Bernanke Frustrated With Recovery, No Hints of Action

The US dollar fell and stocks declined for the fifth consecutive day after Fed Chairman Bernanke lamented the recovery and retained a dovish tone. The euro was strong on speculation Trichet will stress inflation risks on Thursday. We look at the warning signals in the bond market and the chance of a double dip.

Sentiment about the US economy continues to deteriorate and it is dragging down the dollar and stocks. The S&P 500 was higher with 1.5 hours remaining in the session but fell and then fell further after Bernanke delivered his remarks. Dollar bulls were hoping the Fed Chair to would dismiss economic weakness as transitory or that inflation was accelerating but Bernanke was cautious and said US growth so far this year is “somewhat slower than expected” and that inflation was a concern but doesn’t see much evidence it is becoming broad-based. Stock market participants were hoping Bernanke would leave the dollar open for QE3 but he gave no hints at further stimulus.

In a separate speech, Atlanta Fed President Lockhart (voter) said there is a high bar for QE3 even though he is “troubled” by the slowing recovery. In order for the Fed to buy more bonds (beyond re-investments) he said there will need to be a dramatic GDP reversal, more unemployment or the risk of deflation.

EUR/USD rose to the highest since May 5 as it pushes up against 1.47. Strong EZ economic data and speculation Trichet will signal rate hikes on Thursday were behind the move higher. The pound also had a strong day while AUD lagged on the dovish RBA.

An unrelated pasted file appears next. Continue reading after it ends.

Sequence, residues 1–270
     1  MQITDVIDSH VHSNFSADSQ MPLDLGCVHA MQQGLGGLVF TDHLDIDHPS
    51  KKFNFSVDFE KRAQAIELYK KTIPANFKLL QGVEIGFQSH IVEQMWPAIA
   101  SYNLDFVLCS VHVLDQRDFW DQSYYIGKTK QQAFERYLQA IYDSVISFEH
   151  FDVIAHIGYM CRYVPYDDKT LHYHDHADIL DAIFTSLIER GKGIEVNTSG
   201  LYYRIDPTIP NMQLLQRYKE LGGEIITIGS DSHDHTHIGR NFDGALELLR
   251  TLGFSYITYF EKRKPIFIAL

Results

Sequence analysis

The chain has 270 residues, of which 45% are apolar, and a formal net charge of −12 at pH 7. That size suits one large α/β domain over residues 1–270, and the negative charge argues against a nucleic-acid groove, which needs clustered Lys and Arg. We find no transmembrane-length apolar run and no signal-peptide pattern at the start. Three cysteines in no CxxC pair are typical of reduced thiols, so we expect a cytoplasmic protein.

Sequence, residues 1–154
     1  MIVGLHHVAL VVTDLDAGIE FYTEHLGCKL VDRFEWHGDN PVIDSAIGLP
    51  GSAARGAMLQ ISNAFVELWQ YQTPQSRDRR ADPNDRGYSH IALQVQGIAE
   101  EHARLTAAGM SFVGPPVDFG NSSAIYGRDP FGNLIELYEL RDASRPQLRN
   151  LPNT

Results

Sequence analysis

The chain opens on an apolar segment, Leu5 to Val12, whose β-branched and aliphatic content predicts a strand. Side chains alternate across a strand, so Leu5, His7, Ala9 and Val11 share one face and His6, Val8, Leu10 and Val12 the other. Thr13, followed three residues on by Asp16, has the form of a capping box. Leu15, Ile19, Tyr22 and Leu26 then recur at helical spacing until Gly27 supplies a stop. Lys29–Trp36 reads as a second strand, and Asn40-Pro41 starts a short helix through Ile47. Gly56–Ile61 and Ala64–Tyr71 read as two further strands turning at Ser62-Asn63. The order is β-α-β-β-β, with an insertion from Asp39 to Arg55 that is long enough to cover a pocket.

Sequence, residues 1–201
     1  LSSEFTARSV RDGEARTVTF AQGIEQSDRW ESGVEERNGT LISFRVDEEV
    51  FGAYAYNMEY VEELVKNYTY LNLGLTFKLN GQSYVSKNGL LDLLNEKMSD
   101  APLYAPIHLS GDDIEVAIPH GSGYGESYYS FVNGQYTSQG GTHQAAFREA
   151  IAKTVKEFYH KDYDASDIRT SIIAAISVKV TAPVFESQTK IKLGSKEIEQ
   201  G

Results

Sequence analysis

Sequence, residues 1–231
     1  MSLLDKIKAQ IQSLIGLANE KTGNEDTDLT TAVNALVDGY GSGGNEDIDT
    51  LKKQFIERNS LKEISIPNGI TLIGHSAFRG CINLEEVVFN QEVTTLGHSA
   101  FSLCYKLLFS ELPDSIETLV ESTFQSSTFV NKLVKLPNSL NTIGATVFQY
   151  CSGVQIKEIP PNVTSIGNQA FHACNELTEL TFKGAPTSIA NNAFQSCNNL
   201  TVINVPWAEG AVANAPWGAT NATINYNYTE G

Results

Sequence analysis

The bond market continues to flash concerning signals. A three-year auction was very strong and 10-year yields fell back below 3% despite supply later this week. Two year yields fell to just 0.41%. The bond market is flashing signs of more than just a dovish Fed; there is a demand for safety. Indications are also that Treasury dealers are positioned for bond yields to rise. This trade has gone badly against them, which tells us: 1) They will have to unwind the trade 2) Something they didn’t anticipate is happening in the economy (Weakness? Disinflation?)

This is one of the five or so times that the US has looked like it could tip back into recession since the crisis ended. It has proven resilient but this time neither the Fed, nor the Federal government is in a position to provide support. Remember that the bond market moved far before the crisis and that the USD weakened for some time before it became clear that the problems far exceeded US borders.